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UNSW Law’s Professor Michael Legg, Dr Michael Grewcock and Dr Vicki Sentas have received awards at the inaugural Australian Legal Research Awards (ALRA). Established in 2019 by the Council of Australian Law Deans (CALD), which includes all the deans of law schools in Australia, the ALRA is the first national award scheme of its kind in Australia for legal academics.

Acting Dean of UNSW Law, Professor Andrew Lynch, congratulated the award winners as well as those shortlisted.

“I am very proud of UNSW Law’s significant presence in these prestigious and highly competitive awards in their inaugural year. Our researchers’ success reflects their high calibre as well as the Faculty’s commitment to research excellence,” he said.

Professor Michael Legg received the Article Award (General) for ‘Finality and Fairness in Australian Class Action Settlements’. Professor Legg specialises in complex litigation, including regulatory litigation and class actions and in innovation in the legal profession. He has 20 years’ experience as a legal practitioner working with leading Australian and US law firms. Professor Legg is admitted to practice in the Supreme Court of NSW, Federal Court of Australia, High Court of Australia and in the state and federal courts of New York. He holds law degrees from UNSW and the University of California, Berkeley.

Professor Legg is the Director of the Law Society of NSW Future of Law and Innovation in the Profession (flip) research stream in the Allens Hub for Technology, Law and Innovation at UNSW Law. He is a member of the Law Council of Australia's Class Actions Committee and a member of the Law Society of NSW's Future Committee.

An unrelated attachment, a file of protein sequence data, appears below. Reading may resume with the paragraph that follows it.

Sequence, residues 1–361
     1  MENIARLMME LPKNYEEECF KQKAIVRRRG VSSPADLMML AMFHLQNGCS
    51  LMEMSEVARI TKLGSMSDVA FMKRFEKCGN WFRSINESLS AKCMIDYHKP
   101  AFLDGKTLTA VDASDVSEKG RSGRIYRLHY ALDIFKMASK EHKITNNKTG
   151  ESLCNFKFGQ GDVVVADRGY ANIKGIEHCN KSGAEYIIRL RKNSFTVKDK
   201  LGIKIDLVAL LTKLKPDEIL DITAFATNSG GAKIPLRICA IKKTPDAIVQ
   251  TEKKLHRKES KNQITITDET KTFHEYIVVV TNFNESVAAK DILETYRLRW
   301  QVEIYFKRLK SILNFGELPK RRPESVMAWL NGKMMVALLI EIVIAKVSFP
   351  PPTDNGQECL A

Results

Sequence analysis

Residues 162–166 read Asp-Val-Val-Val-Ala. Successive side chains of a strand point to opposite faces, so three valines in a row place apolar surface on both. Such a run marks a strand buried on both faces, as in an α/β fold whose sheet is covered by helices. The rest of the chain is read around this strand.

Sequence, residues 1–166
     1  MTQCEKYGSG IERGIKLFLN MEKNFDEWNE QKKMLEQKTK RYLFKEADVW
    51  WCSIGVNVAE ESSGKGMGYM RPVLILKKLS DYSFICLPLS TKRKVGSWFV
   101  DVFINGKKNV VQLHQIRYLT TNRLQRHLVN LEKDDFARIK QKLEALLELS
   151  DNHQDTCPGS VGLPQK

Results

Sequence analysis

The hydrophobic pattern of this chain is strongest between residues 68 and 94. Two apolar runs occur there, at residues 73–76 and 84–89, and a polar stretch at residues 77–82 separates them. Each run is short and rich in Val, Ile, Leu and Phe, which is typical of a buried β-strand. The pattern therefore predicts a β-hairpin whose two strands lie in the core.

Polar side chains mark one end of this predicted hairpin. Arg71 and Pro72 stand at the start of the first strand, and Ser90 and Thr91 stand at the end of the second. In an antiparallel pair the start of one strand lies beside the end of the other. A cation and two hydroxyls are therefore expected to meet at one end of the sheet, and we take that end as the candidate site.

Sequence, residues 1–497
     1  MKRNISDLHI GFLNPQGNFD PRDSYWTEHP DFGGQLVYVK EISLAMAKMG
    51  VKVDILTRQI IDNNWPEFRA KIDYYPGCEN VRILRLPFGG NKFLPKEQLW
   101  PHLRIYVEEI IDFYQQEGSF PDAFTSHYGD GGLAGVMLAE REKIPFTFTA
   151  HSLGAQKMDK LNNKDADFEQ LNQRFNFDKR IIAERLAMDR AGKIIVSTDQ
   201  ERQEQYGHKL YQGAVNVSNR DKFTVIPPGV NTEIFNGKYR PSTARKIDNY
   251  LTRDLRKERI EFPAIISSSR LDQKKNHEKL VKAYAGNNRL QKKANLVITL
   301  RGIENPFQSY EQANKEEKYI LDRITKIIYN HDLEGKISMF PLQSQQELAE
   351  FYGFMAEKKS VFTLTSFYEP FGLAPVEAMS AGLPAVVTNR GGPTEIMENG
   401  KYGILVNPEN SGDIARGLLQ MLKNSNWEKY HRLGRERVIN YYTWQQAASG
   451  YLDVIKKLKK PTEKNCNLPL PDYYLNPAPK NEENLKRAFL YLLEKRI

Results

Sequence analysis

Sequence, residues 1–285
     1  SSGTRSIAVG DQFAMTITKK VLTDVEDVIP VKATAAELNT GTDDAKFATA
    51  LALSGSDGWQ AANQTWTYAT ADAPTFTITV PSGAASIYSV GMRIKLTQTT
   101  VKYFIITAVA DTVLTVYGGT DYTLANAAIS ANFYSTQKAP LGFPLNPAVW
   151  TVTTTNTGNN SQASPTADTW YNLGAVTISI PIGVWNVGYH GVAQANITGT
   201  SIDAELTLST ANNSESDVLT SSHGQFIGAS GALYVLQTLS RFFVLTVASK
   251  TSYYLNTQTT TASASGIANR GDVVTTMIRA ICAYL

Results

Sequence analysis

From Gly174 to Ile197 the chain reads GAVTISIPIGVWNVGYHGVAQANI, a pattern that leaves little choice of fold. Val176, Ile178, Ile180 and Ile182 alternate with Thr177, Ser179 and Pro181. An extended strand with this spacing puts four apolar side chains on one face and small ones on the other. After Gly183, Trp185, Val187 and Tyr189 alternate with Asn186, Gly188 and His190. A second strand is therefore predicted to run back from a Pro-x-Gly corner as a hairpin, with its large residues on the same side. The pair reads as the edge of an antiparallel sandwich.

Dr Michael Grewcock and Dr Vicki Sentas received the award for non-traditional research output for Rethinking Strip Searches by NSW Police. Their report looks at the operation of strip search laws across the country, exploring concerns around safeguards and transparency, and highlighting opportunities for law reform. It found an almost twentyfold increase in strip searches in less than 12 years.

Commissioned by the Redfern Legal Centre in Sydney, the report recommends the law should be clearer about when and how police should conduct a strip search and that strip searches of children in the field should be prohibited unless permission is obtained through a court order.

The ALRA are offered in five categories, recognising the different forms of research excellence and the distinct stages of an academic career. The categories are:

  • PhD
  • article/chapter (early career researcher)
  • article/chapter (general)
  • book
  • non-traditional research output.

Other UNSW Law researchers shortlisted for the awards are:

  • Associate Professor Melissa Crouch (book) for The Constitution of Myanmar: A Contextual Analysis
  • Dr Lisa Crawford (article/chapter early career researcher) for ‘The Rule of Law in an Age of Statutes’
  • Dr Marie Hadley (PhD) for her thesis ‘The Politics of Cultural Appropriation Claims and Law Reform’
  • Dr Jessica Hudson (PhD) for her thesis ‘Assuring the Express Trust: The So-called Beneficiary’s Proprietary Claim’

Professor Graham Greenleaf was shortlisted for the Lifetime Achievement Legal Research Medal.

Read more about the Rethinking Strip Searches by NSW Police report on the UNSW Newsroom.